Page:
National Geographic : 1943 Aug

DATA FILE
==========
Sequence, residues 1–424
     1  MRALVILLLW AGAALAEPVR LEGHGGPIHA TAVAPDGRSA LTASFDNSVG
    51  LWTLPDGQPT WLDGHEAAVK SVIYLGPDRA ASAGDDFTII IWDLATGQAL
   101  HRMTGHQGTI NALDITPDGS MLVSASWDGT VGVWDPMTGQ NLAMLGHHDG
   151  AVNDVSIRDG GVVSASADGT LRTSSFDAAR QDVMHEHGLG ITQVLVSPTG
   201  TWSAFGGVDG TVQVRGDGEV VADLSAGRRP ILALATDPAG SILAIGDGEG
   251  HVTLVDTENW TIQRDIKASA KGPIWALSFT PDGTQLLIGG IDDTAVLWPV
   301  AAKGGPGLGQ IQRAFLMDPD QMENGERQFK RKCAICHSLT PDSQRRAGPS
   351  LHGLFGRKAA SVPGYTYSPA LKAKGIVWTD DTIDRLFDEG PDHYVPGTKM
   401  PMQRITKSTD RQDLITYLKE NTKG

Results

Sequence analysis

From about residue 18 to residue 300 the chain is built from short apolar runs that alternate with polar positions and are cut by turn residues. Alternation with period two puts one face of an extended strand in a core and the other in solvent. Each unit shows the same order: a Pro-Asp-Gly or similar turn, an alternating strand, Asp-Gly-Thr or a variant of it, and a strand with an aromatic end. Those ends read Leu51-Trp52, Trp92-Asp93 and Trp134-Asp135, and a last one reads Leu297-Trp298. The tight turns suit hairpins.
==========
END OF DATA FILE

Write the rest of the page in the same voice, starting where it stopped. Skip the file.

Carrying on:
A Navy Artist Paints the Aleutians BY MASON SUTHERLAND / SAFE, soft berth that must be," you say on learning the Navy has com missioned five officer-artists to paint the historic record of war. So! Have you ever painted the Aleutians? Have you done stop-and-go sketching with fog or rain shifting scenes? Has the williwaw, that fiendish, unpredictable wind, seized your canvas like a kite, dashed it into mud? With numbed hands, have you fumbled with paints to portray the Arctic blizzard? Did your pigments solidify in their tubes? Have you sketched as Japanese bombs and bullets whistled around you? To these questions Lt. William F. Draper, U.S.N.R., can truly answer "Yes." Neither Fog Nor Dark Can Stay Navy Artists Four months last fall and winter he spent painting 42 canvases in the Aleutians and at Kodiak Island. In January this year he ac companied the landing on Amchitka Island. There the artist, standing behind an antiair craft emplacement, got a gunner's-eye view of the winged enemy. They serve a definite purpose, these five Navy combat artists. Their canvases can omit confidential equipment that cameras might reveal. Their vivid colors defy the foulest weather. Night actions, registering on their memories, are transferred to oils by day. Their battle scenes telescope details it would take a newsreel to show. They must be fighters, too, when necessary. On shipboard they have definite duties. Lieu tenant Draper discovered that fact on his way north from Seattle. He took the 10-to midnight watch. The artist found Army and Navy cheerfully enduring every incredible hardship except one. With a single voice they cursed the Aleutian climate as unfit for even the enemy. They in toned a prayer to sizzle in Guadalcanal. If a storm did not blow at 100 miles an hour, then skulking fog hid the treacherous passages be tween islands. If the ground was not muddy, then it was frozen into ruts. To cope with such weather, Army and Navy became uniformed twins. Bundled in Army winter togs, sailors dressed like soldiers (Plate I). Officers and enlisted men, their insignia hidden, could scarcely be told apart. At Kodiak,* his first stopping point, Draper moved into B.O.Q. (bachelor officers' quar ters). There he found such luxuries as radio phonograph and artificial flowers on dinner tables. Enlisted men had recreation room and gymnasium. Some preferred to play touch football in the rain (Plate II). Impatient to get to work, the artist started painting Kodiak's control tower. A Navy officer, ignoring Draper's uniform, pounced upon him. "He demanded to know what I was doing," relates the artist. "HelookedatmeasifI were a spy." Papers were shown. Telephones rang. Painting resumed, but in "confidential status." On visits to other bases, Draper gave more time to preliminary explanations. His next Kodiak subject was a cruiser and a freighter at dock. He had no more than dabbed his easel when rain fell in torrents. He ran for cover. Fifteen minutes later the sky was clear and he was back. The clouds burst again. All afternoon that went on. At dusk his sketch was half finished. Next morning was glorious, but that didn't help Draper. In the night both ships had slipped away, and he had to complete their outlines from memory. Having made eight paintings, the artist stowed suitcase, duffel bag, and paint box in a Navy patrol bomber bound for Dutch Har bor. Fog and motor trouble thrice turned back the plane; the 615-mile trip took three days. Draper obtained comfortable Navy quarters shared with Army P-40 pilots. Winter howled in from Siberia. A three day blizzard wrecked planes, tossed stacked lumber, and harried shipping. In his Army cold-weather gear, the lieutenant painted the storm (Plate VI). Storm Tosses His Subchaser Tempest at sea beset Draper's trip to Umnak. Says he: "Our small PC rolled 55 de grees. Destroyer men told me it was nothing; they had shipped spray down their stacks." Umnak's landscape he found "unbelievably majestic. Mount Tulik and weird Ship Rock rose near Navy Town" (Plates VII and XII). "This snow-clad island lived up to my idea of the northern wilderness. The only dark note was the volcanic sand on the beaches" (Plate IX). * For an account of Kodiak's burial, in 1912, by volcanic ash from Mount Katmai, read The Valley of Ten Thousand Smokes, by Robert F. Griggs, pub lished by the National Geographic Society. Also see THE GEOGRAPHIC for January, 1917; February, 1918; April, 1919; and September, 1921. Kodiak Island was headquarters for The Society's expedition that discovered the valley.